December, worst month of third covid19 wave

The content originally appeared on: Trinidad and Tobago Newsday

The days when Trinidadians and Tobagonians looked on in concern when the Ministry of Health announced 20 new covid19 cases or one death have long gone as TT has seen record highs between November to December.

By November, TT was experiencing its third wave of the covid19 pandemic. The first having occurred between August and October 2020 and the second between June and July 2021.

In November, the country saw 14,032 new infections, the highest since the beginning of the pandemic, and 462 deaths. And although December is yet to finish, it has already surpassed November with 18,003 infections and 580 deaths up to December 25.

A weekly breakdown shows that in the first seven days of December there were 5,240 cases and 145 deaths. In the second week (8-14) there were 5,256 infections and 151; in the third week (15-21) there were 4,739 infections and 185 deaths, and so far in the fourth week (22-24) there have been 2,348 infections with 79 deaths.

November started on a high note with safe zone restaurants, bars and casinos being allowed to serve alcohol in their establishments at 50 per cent capacity to vaccinated customers, as well as public servants going back out to physical work on November 1.

On November 10, principal medical officer Dr Maryam Abdool-Richards said there are 427 patients in the parallel healthcare system, the highest number since June. That record was replaced between November 27 and 28 by 726 patients.

Again, December surpassed its predecessor. On December 22, Abdool-Richards said about 918 people were being treated for covid19 with 749 patients in the parallel healthcare system and 169 in the accident and emergency departments in the various regional health authorities. That made 749 the highest number of patients in the parallel healthcare system.

Also in November, an additional primary dose of the Sinopharm covid19 vaccine became available to those over 60 and the immunocompromised, and the state of emergency was lifted.

On November 17, the country recorded what was, at that time, its highest number of daily cases at 781. But on December 3, that record was broken with 984 cases.

On November 20, TT also recorded its highest number of deaths at 28, including a seven-year-old boy, which was surpassed by 31 on November 25. That was exceeded by 32 deaths on December 15, 33 deaths on December 18, and then 37 on Friday.

On December 6, TT recorded the loss of its first newborn to the virus, a baby girl who was one of the 19 people who died of covid19 that day.

The high number of daily deaths led to TT crossing 2,500 covid19 deaths on December 16, and two days later, Parasram told the nation a mass storage site for the bodies of people who died of covid19 would be established in Freeport.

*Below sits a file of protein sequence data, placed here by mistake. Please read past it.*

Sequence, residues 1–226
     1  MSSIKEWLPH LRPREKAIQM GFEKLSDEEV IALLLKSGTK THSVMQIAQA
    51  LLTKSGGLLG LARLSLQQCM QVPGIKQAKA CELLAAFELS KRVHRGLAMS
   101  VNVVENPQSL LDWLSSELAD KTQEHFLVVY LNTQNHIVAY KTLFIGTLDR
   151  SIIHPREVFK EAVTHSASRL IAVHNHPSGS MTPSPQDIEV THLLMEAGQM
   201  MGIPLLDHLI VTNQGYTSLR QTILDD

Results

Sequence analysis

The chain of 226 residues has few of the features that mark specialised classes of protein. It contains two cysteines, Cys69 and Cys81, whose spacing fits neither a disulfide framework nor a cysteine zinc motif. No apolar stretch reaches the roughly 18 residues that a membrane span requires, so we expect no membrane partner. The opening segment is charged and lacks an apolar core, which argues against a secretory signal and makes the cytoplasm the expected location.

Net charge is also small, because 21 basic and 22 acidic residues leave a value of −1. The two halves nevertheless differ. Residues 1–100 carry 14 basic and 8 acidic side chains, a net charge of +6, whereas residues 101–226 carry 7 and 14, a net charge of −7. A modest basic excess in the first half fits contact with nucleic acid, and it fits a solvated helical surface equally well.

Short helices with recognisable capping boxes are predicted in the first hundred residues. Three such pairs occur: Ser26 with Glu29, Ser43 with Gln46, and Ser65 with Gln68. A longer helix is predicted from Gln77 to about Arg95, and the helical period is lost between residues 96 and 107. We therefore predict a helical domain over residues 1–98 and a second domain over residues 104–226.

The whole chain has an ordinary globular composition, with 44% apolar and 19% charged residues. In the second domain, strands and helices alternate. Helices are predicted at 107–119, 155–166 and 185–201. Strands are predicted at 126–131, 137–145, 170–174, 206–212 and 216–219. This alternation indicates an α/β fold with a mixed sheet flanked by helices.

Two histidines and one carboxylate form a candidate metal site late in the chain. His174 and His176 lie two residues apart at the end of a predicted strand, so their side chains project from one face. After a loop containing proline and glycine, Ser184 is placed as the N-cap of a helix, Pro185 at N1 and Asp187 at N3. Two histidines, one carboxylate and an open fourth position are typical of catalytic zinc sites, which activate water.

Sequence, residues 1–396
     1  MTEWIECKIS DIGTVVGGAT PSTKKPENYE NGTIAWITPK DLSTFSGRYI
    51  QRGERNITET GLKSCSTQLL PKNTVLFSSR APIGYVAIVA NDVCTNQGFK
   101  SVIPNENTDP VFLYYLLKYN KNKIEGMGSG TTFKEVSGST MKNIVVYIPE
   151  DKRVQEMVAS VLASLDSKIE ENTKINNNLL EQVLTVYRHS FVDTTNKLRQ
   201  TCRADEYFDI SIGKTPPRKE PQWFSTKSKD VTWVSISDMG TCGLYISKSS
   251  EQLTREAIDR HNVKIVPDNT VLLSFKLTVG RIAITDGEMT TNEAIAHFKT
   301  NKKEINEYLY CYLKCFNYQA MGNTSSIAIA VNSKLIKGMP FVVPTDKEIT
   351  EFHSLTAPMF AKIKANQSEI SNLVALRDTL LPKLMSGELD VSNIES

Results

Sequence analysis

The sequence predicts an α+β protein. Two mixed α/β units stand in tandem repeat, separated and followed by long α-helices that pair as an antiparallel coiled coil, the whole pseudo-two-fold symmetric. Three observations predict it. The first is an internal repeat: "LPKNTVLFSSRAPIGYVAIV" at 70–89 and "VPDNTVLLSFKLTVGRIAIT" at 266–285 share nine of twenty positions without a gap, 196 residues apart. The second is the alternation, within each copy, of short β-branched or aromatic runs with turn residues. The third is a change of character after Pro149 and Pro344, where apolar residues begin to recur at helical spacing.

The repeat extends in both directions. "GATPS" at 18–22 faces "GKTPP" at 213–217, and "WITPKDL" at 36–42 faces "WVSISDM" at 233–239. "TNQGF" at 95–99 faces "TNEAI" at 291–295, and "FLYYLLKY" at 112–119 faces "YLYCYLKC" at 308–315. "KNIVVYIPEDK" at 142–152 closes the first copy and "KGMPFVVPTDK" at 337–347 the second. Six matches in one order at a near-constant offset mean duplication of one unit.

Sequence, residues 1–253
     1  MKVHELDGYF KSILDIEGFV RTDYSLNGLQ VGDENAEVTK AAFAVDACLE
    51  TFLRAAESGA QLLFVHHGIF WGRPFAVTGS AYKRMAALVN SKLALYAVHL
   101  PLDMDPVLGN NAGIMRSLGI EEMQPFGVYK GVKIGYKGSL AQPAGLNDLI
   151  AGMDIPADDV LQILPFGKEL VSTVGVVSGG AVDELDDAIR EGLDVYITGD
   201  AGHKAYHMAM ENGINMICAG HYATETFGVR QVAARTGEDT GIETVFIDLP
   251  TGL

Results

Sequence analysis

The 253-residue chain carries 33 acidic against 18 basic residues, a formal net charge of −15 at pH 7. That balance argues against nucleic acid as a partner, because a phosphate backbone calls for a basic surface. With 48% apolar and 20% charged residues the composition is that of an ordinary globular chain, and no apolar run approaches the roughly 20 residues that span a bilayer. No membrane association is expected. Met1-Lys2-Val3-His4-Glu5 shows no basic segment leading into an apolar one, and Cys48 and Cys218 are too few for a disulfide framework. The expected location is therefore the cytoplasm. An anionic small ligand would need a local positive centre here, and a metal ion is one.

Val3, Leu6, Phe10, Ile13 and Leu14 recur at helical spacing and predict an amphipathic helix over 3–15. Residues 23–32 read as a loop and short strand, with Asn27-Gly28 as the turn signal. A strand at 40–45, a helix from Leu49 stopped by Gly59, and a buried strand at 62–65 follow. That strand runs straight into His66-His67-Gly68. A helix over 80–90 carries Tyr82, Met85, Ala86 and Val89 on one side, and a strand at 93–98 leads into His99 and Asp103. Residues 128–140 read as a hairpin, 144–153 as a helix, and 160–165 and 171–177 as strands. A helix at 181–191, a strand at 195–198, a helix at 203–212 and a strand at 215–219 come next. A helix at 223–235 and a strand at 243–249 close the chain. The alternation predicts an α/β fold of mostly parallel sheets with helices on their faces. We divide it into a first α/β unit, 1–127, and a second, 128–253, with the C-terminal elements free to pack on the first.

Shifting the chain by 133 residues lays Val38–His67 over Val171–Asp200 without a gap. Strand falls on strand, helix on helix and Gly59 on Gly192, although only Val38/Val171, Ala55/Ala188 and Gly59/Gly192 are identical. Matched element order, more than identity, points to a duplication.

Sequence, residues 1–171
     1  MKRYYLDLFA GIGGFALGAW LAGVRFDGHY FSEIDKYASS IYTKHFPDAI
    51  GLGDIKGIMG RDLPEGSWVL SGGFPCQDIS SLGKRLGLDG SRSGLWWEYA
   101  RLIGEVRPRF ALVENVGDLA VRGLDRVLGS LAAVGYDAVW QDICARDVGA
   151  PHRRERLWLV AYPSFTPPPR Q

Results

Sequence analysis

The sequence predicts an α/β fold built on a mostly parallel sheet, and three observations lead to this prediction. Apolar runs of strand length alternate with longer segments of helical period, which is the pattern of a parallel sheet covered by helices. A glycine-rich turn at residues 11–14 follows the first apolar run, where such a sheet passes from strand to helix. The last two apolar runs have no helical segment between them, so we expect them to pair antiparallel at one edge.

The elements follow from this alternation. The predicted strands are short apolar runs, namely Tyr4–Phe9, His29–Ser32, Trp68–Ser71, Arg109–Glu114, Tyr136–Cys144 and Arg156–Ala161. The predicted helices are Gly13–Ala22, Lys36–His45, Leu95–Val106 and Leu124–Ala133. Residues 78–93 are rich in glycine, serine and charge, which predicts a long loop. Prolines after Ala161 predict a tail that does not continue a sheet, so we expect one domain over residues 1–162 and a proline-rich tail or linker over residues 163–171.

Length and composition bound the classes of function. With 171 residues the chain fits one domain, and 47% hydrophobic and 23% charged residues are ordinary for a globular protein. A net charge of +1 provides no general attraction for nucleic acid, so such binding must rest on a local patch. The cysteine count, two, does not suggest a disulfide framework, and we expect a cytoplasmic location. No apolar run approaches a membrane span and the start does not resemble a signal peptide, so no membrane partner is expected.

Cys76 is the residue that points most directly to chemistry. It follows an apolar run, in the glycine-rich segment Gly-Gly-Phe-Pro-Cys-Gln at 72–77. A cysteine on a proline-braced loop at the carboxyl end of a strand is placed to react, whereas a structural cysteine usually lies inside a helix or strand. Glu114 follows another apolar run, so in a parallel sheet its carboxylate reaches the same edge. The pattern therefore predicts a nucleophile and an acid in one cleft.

On November 26, the government imposed travel restrictions on travellers from Botswana, Eswatini, Lesotho, Malawi, Mozambique, Namibia, South Africa, and Zimbabwe. Non-nationals who visited those countries within 14 days of arrival to TT were not allowed in. And nationals, whether vaccinated or unvaccinated, had to stay in state-supervised quarantine for at least 14 days at their own cost.

The travel restrictions were removed on December 19 after omicron was detected in more than 90 countries. The first case of omicron was detected on December 9 from a passenger who travelled from New York to Panama and then TT. By December 19 there were five cases. The fifth case had no recent history of travel or contact with a covid19 case.

By December 5, the Chief Medical Officer admitted it was a “juggling act” trying to balance staff and services between the regular and parallel healthcare systems because more medical professionals were needed to deal with the overwhelming number of covid19 patients, most of whom were unvaccinated.

At that point, some elective surgeries were affected and by December 18, Minister of Health Terrence Deyalsingh announced the ministry was shutting down outpatient clinics.

On December 6, the Tobago House of Assembly election was held and the People’s National Movement lost to the Progressive Democratic Patriots 14 to one; and Deyalsingh said the ministry was increasing the number of beds in step-down facilities from 188 to 342 to make more room in hospital wards.

Also in December, TT received two tranches of 304,200 doses of the Pfizer covid19 vaccine from the US, and the Ministry of Health launched the national Covid19 Booster Vaccine Programme.

Then, on December 18 at a press conference, the Prime Minister made the much-awaited announcement that beaches would be reopened although only from 5 am to noon, and no alcoholic beverages, loud music or congregation would be allowed.

However, the joy of Dr Rowley’s statement was dampened for many by his news that all public servants and employees at state agencies would be required to be vaccinated by mid-January to go to work or they could stay home without pay.

Not surprisingly, business chambers were happy with the move and trade unions were not.

Attorney General Faris Al-Rawi said the law would go to the Parliament in January and Minister of Public Administration Allyson West told Newsday her ministry was drafting a plan to keep the government running if the furlough of unvaccinated workers creates staff shortages.

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